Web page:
Packers 2004 draft preview

With all 11 starters returning on a very productive offense, the Green Bay Packers will almost certainly use this weekend's NFL draft to improve a defense that failed miserably when the team had a golden opportunity to advance to the NFC Championship Game last January. The Packers need playmakers in the defensive secondary and defensive line, and there are college prospects who might be able to help during the upcoming season.<p>

As Brett Favre nears the end of his Hall of Fame career, there is a chance that the Packers may select a quarterback with their first selection – 25th overall pick – but that seems to be far-fetched. If the Packers are going to take the next step under Mike Sherman and advance to the NFC title game, they need help immediately on defense, thus, using their top pick on a possible future successor to Favre would defeat the team's goal of winning a Super Bowl now.

Sherman, however, told the Wisconsin media at his pre-draft press conference Wednesday that he is not dead set on taking a player at a certain position. Last year, Sherman admitted that he was focused on improving the linebacker position and promptly took Nick Barnett. But this year, he cannot rule out any position with the Packers' first round pick, even running back, which is presumably the Packers' deepest position.

"This year may be a bit different in regard to which way we go," Sherman said. "I don't know how many impact players, even rookies, are going to be able to start for us at this present time. This is probably the most comfortable I've felt from a talent standpoint since I've been here that we have people in place. To get one (a rookie) that can impact us next year, I would not say is not a high probability, but at some point in the season could be come a starter."

This is a strong draft for quarterbacks, wide receivers and linebackers, according to Sherman. Other than Mississippi's Eli Manning and Miami of Ohio's Ben Roethlisberger, who will be drafted right away, the other quarterbacks who could be drafted in the first round are North Carolina State's Philip Rivers and Tulane's J.P. Losman. Some experts feel the Packers might go for Losman, if available, but Green Bay may be too focused on defense.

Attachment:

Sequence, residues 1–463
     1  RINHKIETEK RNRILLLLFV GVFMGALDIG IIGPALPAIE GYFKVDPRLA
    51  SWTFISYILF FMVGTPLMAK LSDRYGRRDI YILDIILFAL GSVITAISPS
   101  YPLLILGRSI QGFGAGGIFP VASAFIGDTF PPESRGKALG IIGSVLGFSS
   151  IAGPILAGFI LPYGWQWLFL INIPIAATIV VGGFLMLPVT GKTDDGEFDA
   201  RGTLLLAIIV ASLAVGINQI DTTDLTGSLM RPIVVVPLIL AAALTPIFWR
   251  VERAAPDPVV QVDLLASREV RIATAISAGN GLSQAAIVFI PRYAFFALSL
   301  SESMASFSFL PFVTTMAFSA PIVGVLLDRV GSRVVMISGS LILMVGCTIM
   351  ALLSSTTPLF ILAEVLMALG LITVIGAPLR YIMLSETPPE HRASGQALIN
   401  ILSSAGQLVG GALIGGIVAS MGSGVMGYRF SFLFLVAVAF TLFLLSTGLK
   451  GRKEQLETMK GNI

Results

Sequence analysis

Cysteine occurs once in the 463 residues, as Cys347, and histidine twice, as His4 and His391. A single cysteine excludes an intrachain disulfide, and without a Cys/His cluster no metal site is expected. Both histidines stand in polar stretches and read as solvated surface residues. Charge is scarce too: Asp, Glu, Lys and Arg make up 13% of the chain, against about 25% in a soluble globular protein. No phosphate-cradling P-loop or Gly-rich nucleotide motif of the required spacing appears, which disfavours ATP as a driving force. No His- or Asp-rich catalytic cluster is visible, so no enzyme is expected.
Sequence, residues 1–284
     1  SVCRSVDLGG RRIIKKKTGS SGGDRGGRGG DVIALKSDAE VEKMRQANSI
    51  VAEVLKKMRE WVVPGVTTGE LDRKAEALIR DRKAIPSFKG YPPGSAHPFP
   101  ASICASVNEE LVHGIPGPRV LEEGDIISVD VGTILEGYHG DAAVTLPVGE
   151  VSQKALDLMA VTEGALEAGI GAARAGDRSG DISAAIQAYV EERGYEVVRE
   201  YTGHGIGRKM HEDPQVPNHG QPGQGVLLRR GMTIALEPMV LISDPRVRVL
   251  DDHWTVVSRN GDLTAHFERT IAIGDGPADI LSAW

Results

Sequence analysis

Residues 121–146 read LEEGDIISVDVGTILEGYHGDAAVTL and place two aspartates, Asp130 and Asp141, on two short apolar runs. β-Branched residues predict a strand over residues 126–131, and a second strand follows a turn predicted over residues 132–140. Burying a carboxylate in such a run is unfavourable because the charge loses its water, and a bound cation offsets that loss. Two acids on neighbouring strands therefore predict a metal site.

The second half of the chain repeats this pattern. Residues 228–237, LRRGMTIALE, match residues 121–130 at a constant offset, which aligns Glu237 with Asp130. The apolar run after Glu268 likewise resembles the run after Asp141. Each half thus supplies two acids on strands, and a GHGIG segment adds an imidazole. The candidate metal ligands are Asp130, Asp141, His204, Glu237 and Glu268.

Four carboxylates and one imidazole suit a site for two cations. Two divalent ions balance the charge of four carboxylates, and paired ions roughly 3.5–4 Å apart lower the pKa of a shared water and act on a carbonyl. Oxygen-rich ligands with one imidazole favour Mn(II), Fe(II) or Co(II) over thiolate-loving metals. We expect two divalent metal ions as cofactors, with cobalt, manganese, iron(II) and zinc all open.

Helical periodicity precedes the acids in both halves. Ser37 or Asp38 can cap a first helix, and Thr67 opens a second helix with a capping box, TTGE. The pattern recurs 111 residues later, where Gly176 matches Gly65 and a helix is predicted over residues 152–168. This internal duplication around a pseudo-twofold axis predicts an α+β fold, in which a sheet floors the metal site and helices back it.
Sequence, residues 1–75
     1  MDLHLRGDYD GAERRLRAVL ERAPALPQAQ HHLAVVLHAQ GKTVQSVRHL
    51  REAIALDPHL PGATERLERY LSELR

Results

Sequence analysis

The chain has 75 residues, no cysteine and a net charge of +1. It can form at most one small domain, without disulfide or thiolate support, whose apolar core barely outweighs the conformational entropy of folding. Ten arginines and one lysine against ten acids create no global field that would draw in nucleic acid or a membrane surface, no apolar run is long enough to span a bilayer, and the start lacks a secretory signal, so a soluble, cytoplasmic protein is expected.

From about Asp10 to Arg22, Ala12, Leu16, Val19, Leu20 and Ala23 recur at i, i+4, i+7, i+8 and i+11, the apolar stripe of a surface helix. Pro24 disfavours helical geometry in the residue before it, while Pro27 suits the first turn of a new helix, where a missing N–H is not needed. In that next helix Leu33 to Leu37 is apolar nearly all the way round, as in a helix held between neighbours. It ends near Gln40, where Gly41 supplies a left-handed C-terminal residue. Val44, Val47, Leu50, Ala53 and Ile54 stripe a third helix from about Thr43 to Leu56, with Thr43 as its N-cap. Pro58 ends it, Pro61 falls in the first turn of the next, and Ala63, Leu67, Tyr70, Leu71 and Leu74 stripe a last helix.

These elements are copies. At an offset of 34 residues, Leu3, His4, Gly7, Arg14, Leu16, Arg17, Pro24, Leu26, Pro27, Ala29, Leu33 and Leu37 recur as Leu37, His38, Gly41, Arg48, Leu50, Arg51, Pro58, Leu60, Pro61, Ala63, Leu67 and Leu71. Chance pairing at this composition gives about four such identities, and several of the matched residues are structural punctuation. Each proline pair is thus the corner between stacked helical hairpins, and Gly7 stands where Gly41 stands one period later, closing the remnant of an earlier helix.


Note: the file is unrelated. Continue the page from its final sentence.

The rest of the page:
"I feel the same as I did a year ago in regard to the quarterbacks," Sherman said. "I'm always looking to upgrade a lot of positions if we can do that. That position in the backup capacity is one that I feel like if we can do something that can help our team, I would look into it.

"I don't feel like we have to go reach. I'm not going to reach for something just to do it. If there's a quarterback there that's a possibility, I could take one."

The Packers are currently in negotiations with the agent for Cleveland Browns quarterback Tim Couch. Sherman said that a possible trade for Couch would not have to take place before the draft begins on Saturday to determine if the Packers will pursue a quarterback. "I don't look at the Couch deal as having anything to do with what we do on Saturday or Sunday," Sherman said. "I think it's separate." The Packers' needs are simply the greatest on defense. Green Bay could use a cornerback for depth behind Al Harris, who becomes an unrestricted free agent after next season. With cornerback Mike McKenzie disgruntled over his current contract, the need seems even greater. The best cornerbacks are Ohio State's Chris Gamble, Virginia Tech's DeAngelo Hall, Southern California's Will Poole, Montana's Joey Thomas, South Carolina's Dunta Robinson and Oklahoma's Derrick Strait.

Though the Packers sank a boatload of money in recent seasons into the defensive end position, it remains a weak link. Joe Johnson and Jamal Reynolds have been busts and may released yet this off-season. Kabeer Gbaja-Biamila wore thin as an every-down player last year and struggled against top offensive tackles.

Defensive ends that might be available when the Packers are on the clock in the first round include LSU's Marquise Hill and Alabama junior Antwan Odom.

Grady Jackson is returning at nose tackle, but the Packers released veteran Gilbert Brown, creating a need for a solid backup at that position as well.

The top defensive line prospects are USC end Kenechi Udeze, Oklahoma tackle Tommie Harris, Ohio State end Will Smith and Miami tackle Vince Wilfork.

This could be one of the best drafts for receivers in history, but the Packers are fairly comfortable with their top three wideouts, plus second-year pro Carl Ford has completely healed from a knee injury he suffered late last preseason.

Texas receiver Roy Williams, Pittsburgh's Larry Fitzgerald, LSU's Michael Clayton, Washington's Reggie Williams, Wisconsin's Lee Evans, Oklahoma State's Rashaun Woods and Ohio State's Michael Jenkins have first-round ability.

The Packers do need depth at tight end behind Bubba Franks, so plan on Green Bay selecting a tight end with one of their seven picks. Miami underclassman Kellen Winslow Jr., a receiver masquerading in a tight end's body, should go in the top half of the first round, but there are no other tight ends in the draft worthy of a first round selection.

Though the Packers signed unrestricted free agent Mark Roman in March, look for the Packers to select a safety at some point. The Packers have shown no interest in re-signing Antuan Edwards, the team's No. 1 pick in 1999, and Marques Anderson (third round pick in 2002) has fallen short of the team's expectations.

Note: Todd Korth is managing editor of Packer Report and Contact him at

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